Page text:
NCAA calls for switch to 30-second clock

The NCAA Men’s Basketball Rules Committee has recommended reducing the shot clock from 35 to 30 seconds among a series of changes aimed at speeding up a game that has reached historic lows in scoring.

The NCAA experimented with a 30-second shot clock during the NIT and CIT postseason tournaments and the rules committee recommended making it permanent for the 2015-16 season. The shot clock was last reduced for the 1993-94 season, from 45 to 35 seconds.

The changes still must be approved by the NCAA’s Playing Rules Oversight Committee.

Scoring in college basketball hit an all-time low in 2012-13 and nearly matched it last season, when teams scored 67.6 points per game.

Some coaches have been concerned that the shorter shot clock would lead to more “soft” pressure and zone defenses to slow teams down, along with more last-second desperation shots to beat the shot clock.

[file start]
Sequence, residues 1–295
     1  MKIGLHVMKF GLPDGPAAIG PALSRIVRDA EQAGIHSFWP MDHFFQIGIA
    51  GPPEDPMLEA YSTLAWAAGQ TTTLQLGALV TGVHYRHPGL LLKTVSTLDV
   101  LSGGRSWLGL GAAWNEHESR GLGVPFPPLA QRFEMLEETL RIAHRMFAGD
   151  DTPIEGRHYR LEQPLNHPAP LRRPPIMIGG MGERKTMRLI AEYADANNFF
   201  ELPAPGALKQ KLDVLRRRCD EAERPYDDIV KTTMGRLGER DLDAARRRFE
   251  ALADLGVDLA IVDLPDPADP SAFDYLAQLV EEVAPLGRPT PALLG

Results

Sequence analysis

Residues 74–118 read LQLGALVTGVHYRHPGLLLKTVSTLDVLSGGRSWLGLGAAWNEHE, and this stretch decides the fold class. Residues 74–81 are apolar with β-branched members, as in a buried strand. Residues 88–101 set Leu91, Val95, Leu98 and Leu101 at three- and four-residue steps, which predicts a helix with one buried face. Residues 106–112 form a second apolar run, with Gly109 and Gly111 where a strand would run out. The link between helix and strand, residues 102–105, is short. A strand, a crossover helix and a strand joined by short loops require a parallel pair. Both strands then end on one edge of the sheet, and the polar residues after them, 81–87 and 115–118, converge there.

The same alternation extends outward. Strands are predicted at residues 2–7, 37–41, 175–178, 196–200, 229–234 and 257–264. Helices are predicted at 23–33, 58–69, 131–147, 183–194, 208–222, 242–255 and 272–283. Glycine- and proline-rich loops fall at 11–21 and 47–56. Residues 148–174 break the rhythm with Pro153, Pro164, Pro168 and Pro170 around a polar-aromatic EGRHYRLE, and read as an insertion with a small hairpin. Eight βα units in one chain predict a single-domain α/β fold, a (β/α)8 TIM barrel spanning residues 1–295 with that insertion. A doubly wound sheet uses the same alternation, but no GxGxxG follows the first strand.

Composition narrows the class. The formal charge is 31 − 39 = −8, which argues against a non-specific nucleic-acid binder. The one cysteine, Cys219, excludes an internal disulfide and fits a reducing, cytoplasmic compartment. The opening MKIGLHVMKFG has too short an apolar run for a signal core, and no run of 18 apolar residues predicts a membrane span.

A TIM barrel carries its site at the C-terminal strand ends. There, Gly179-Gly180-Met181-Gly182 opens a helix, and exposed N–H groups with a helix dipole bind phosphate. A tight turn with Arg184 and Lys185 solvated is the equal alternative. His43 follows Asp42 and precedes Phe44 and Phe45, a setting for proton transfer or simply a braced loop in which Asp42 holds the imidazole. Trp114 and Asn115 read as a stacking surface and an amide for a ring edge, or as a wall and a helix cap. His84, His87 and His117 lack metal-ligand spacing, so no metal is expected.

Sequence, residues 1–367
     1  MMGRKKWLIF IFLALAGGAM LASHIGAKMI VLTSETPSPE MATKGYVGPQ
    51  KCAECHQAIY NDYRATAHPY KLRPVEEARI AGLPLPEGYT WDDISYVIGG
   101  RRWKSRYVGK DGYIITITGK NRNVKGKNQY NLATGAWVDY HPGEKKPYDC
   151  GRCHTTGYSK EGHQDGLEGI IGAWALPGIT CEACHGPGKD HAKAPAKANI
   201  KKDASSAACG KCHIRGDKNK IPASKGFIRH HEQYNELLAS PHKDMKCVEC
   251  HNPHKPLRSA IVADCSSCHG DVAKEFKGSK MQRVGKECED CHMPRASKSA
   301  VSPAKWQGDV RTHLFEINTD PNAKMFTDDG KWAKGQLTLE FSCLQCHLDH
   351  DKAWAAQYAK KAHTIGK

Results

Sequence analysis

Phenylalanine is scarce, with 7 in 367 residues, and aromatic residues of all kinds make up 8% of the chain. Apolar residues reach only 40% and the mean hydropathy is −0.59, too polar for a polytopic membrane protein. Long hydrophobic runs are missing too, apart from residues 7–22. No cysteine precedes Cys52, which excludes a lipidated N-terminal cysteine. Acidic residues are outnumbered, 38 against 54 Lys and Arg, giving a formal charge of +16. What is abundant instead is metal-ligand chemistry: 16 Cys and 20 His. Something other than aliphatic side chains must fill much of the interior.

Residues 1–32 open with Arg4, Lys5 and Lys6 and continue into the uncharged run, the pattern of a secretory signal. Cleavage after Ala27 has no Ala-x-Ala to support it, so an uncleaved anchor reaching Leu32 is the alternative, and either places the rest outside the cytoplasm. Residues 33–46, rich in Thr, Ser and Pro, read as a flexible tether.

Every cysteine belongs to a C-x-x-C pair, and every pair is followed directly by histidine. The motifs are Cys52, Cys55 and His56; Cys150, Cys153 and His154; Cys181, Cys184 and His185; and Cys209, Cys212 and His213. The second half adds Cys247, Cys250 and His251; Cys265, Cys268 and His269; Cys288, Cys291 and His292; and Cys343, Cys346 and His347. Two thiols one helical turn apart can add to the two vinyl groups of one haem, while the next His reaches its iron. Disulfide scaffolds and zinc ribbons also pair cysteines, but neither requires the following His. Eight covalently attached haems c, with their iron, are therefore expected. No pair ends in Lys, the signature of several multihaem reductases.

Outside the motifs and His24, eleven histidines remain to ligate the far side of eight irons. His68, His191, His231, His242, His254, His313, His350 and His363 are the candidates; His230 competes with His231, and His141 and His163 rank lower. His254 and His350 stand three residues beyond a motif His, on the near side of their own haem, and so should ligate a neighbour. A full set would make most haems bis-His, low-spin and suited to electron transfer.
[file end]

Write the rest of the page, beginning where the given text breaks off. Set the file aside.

The committee also recommended extending the restricted arc for block/charge calls from three to four feet to reduce the number of collisions under the basket.

The committee called for numerous changes to speed up the pace of play, including the reduction of one second-half timeout per team, a limit on the time allowed to replace a disqualified player and removing the ability of a coach to call timeout on a live ball.

Teams also would have a total of 10 seconds to get the ball to the front court and any timeout called within 30 seconds of a media timeout would be counted as the media timeout.

The committee recommended eliminating the 5-second, closely guarded rule while dribbling the ball and changing Class B technical fouls — like hanging on the rim and delay of game — to one shot instead of two.

Officials also would be allowed to use video review on shot clock violations throughout the game and will place a bigger emphasis on reducing physical play, both inside and along the perimeter on screens.

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